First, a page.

Asthma is characterized by chronic inflammation of the airways in which there is an overabundance of eosinophils, mast cells, and activated T helper lymphocytes. These inflammatory cells release mediators that then trigger bronchoconstriction, mucus secretion, and remodeling. The inflammatory mediators that drive this process include cytokines, chemokines, growth factors, lipid mediators, immunoglobulins, and histamine. The inflammation in allergic asthma can be difficult to control. This is mainly due to the development of an adaptive immunity to an allergen, leading to immunological memory. This leads to recall reactions to the allergen, causing persistent inflammation and damage to the airways. Generally, in asthma inflammation is directed by Th2 cytokines, which can act by positive feedback mechanisms to promote the production of more inflammatory mediators including other cytokines and chemokines. This review discusses the role of cytokines and chemokines in the immunobiology of asthma and attempts to relate their expression to morphological and functional abnormalities in the lungs of asthmatic subjects. We also discuss new concepts in asthma immunology, in particular the role of cytokines in airway remodeling and the interaction between cytokines and infection.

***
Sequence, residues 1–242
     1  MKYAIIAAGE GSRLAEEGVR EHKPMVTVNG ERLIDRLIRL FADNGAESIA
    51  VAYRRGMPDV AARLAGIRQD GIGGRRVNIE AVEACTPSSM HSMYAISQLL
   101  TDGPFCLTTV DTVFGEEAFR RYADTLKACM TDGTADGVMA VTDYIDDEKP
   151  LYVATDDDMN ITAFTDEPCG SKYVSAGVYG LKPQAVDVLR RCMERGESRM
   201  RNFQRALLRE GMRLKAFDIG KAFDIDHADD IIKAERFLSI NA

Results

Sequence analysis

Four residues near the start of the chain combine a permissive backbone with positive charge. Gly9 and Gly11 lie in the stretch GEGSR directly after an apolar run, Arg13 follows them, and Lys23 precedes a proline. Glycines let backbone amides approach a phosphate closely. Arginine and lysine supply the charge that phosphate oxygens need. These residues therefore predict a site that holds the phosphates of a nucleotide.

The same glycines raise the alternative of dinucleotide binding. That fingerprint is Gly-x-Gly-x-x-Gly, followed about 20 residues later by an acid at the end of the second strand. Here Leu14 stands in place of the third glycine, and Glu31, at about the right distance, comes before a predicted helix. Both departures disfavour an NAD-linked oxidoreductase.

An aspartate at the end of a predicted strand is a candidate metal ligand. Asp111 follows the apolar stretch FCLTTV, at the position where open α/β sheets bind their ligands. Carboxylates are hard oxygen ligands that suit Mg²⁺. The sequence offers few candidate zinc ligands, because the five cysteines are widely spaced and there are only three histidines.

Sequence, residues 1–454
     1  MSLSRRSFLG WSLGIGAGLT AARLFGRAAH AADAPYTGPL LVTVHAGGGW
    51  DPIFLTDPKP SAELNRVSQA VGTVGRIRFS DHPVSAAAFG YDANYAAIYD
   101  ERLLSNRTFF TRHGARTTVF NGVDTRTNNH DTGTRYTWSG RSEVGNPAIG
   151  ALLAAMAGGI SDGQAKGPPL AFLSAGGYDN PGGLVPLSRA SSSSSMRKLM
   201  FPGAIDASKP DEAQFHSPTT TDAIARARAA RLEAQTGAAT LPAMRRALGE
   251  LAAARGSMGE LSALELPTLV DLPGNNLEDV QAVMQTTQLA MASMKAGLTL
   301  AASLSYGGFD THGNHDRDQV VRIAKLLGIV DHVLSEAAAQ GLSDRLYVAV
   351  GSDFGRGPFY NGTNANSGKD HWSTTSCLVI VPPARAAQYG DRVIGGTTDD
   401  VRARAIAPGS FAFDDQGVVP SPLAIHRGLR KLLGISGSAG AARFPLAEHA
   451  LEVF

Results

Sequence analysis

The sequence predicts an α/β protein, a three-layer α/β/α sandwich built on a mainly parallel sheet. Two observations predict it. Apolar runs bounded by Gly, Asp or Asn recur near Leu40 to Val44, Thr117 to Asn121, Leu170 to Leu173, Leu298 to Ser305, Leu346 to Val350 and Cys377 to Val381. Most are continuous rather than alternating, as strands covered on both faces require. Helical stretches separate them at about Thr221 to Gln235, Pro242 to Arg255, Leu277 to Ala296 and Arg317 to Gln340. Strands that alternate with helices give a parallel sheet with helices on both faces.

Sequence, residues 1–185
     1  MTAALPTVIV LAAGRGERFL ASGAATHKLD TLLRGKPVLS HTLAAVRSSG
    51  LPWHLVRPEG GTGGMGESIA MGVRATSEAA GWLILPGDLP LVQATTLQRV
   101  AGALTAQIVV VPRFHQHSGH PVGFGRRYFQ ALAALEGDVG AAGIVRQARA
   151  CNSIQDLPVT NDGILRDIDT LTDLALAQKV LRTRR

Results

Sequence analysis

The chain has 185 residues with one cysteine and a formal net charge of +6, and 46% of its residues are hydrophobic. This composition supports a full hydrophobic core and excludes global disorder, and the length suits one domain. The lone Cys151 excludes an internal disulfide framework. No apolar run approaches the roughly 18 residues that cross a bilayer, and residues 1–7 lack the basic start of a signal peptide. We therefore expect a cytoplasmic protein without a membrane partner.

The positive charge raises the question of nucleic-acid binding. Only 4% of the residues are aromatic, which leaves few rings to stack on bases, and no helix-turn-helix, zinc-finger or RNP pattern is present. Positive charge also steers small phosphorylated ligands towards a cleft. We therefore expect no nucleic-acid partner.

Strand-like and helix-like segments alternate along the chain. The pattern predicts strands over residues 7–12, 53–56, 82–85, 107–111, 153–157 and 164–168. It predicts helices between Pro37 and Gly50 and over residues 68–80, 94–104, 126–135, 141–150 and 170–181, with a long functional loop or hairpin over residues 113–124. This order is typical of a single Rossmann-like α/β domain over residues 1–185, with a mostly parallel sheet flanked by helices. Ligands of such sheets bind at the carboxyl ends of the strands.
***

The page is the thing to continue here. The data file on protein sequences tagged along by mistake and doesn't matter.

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  • Article Type: Review Article
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